Mountain proves a challenge for beginner bikers

Janice Kurbjun
summit daily news
Summit Daily/Mark Fox

The riders took off in a pack of clicking gear and churning muscles – but few were huffing just yet.

It wouldn’t be until the finish line, yards from where they started their 4-mile, 9-mile, 14.5-mile or 18.5-mile ride that they’d be red-faced, but many smiling and excited to complete Wednesday’s second race in the Summit Mountain Challenge mountain biking series.

“The course is loose, it’s dry, it’s classic Colorado mountain biking out there,” event organizer Jeff Westcott said through the PA system.

Many took to the trail, racing for the first time this summer or in their lives. Like Dennis Flanagan, who’s heart is in trail running, but he decided to sign up for the mountain biking series this year.

“I love trail running, but it’s so great to get on two wheels,” he said. “It’s a party every Wednesday and I just wanted to be a part of it.”

For him, the hardest part is staying in control on the downhills, though he likes cruising the steeps.

On the flip side, the hardest part for second-place finisher Nate Vacura in the men’s beginner class was the last hill, known as Heinous Hill. He didn’t carry his bike, even though he started mountain biking two years ago and his friends only just convinced him to join the race this year.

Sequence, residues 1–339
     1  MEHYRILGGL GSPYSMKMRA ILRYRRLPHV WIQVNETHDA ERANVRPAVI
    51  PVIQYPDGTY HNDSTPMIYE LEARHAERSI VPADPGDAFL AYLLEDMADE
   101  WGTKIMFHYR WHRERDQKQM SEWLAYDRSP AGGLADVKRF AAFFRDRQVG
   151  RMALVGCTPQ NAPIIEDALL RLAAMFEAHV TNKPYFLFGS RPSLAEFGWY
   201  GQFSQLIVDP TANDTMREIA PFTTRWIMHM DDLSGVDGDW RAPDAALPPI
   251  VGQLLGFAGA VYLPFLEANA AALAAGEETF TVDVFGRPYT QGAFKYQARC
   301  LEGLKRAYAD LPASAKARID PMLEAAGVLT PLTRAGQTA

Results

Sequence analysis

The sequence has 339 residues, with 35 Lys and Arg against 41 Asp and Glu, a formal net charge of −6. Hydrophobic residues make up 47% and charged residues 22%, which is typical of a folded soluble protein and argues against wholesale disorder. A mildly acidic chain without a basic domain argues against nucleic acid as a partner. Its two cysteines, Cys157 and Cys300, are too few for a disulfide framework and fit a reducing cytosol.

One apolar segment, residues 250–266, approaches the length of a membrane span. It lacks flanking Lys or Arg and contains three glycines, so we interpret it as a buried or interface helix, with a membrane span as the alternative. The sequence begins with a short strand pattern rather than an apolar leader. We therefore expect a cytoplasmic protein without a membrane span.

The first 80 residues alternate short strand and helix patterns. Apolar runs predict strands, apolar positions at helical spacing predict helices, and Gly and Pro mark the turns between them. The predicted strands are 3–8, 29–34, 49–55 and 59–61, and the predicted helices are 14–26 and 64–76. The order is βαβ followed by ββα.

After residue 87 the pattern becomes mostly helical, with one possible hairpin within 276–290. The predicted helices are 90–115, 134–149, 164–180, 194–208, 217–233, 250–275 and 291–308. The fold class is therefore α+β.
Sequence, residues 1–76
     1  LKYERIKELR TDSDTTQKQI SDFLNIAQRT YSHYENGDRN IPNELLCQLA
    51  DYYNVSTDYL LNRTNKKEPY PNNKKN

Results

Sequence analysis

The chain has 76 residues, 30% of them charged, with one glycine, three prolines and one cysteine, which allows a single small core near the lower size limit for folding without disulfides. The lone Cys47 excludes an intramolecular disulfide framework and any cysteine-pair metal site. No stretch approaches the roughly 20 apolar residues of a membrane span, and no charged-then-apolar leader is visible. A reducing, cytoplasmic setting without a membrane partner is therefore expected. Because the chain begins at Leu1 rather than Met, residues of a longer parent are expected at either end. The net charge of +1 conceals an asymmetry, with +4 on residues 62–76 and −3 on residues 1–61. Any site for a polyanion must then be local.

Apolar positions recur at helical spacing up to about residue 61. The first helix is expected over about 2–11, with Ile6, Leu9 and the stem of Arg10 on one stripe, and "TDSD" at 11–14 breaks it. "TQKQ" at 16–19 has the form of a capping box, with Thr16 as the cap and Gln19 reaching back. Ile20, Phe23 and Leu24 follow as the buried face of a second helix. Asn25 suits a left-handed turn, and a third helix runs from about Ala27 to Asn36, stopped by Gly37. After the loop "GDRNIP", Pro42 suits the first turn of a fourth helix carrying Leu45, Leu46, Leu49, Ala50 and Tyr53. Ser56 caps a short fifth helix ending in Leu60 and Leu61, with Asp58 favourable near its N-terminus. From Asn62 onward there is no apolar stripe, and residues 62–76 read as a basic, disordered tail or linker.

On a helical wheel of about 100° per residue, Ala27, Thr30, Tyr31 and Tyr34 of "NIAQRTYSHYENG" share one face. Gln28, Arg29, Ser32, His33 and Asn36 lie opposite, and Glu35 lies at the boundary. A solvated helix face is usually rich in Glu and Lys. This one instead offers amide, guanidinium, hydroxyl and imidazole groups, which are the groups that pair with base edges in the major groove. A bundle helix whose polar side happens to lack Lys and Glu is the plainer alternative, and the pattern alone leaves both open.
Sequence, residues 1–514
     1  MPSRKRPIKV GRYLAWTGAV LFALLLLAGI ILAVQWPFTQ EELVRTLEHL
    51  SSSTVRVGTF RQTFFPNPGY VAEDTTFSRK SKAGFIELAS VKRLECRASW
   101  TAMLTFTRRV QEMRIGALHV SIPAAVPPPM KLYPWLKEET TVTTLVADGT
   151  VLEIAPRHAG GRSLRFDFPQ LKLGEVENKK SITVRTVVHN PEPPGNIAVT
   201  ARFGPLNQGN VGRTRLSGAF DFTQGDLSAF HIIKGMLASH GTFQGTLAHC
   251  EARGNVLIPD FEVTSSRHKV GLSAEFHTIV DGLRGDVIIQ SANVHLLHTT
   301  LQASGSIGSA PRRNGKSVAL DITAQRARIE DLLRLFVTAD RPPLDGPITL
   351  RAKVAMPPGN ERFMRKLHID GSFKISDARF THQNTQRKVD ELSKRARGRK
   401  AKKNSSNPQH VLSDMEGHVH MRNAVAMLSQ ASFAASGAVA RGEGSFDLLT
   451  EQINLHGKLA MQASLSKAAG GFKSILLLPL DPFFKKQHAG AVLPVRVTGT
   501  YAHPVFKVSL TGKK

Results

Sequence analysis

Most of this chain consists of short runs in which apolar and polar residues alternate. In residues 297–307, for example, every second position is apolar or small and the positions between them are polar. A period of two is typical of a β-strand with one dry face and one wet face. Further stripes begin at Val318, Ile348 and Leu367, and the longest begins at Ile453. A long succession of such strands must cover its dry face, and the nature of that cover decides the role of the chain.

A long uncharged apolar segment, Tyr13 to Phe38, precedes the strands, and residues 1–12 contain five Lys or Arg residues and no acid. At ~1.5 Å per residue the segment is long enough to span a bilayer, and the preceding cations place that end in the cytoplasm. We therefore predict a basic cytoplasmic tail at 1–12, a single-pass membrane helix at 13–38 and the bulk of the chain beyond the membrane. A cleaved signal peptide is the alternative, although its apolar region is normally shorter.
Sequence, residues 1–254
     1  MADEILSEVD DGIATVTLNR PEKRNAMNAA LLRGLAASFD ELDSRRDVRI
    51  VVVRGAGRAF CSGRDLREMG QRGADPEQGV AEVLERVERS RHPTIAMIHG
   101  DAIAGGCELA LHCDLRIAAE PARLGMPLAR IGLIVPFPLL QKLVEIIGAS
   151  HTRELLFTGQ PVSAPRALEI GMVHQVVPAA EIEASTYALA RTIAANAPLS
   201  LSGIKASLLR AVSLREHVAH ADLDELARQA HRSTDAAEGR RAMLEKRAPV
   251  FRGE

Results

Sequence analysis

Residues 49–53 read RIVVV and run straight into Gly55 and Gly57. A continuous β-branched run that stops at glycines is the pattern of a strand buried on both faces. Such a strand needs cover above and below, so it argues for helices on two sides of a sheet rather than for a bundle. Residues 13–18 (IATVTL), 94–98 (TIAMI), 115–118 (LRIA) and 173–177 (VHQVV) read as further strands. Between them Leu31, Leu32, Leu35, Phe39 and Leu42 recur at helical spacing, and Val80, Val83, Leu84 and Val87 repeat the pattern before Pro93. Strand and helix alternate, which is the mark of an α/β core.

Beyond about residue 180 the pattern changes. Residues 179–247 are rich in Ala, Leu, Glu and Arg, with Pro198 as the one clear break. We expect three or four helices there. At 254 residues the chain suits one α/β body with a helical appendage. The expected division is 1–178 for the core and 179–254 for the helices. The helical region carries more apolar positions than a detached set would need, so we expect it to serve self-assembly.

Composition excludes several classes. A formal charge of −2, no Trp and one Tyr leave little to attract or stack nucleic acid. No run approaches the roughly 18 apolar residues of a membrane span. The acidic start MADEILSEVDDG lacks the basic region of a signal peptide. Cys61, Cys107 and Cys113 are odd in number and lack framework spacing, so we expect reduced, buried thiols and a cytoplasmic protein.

For women’s beginner class fourth-place finisher Suzy Baver, the feat of merely finishing was her drive.

“It was tough. It wasn’t that long of a distance, but there’s some steep climbs and some ballsy downhills,” she said of the 9-mile beginner course. “There’s some great athletes in this area to be competing with as a hobbyist. It’s pretty cool.”

She’d been trying to get up the courage to race for several years, and this year she opted in with the mentality that all she needed to do was finish. She beat out five other women in the same class in her first race.

On the opposite end of the spectrum from these beginners are the men who are upper-level gear bike racers and opt to use one speed throughout the race. They select the gear, set up their bike and are limited to that speed for the 14.5 miles they’re racing.

“I’m always second-guessing myself,” winner Jesse Swift said, explaining that he chose a different gear than second-place finisher Kristofer Carlsted.

Out of the gates, Carlsted left Swift in the dust, but once they reached the first hill, Swift pulled ahead. He thinks he had the advantage by a mere gear tooth, though both hiked Heinous Hill.

“It’s a unique challenge,” said Dan Teodoru, an attorney in Breckenridge who sometimes races in the series and occasionally takes to single-speed biking, but wasn’t geared up on Wednesday. “It’s simple. You grind along as best you can and when you can’t, you throw your bike on your back.”

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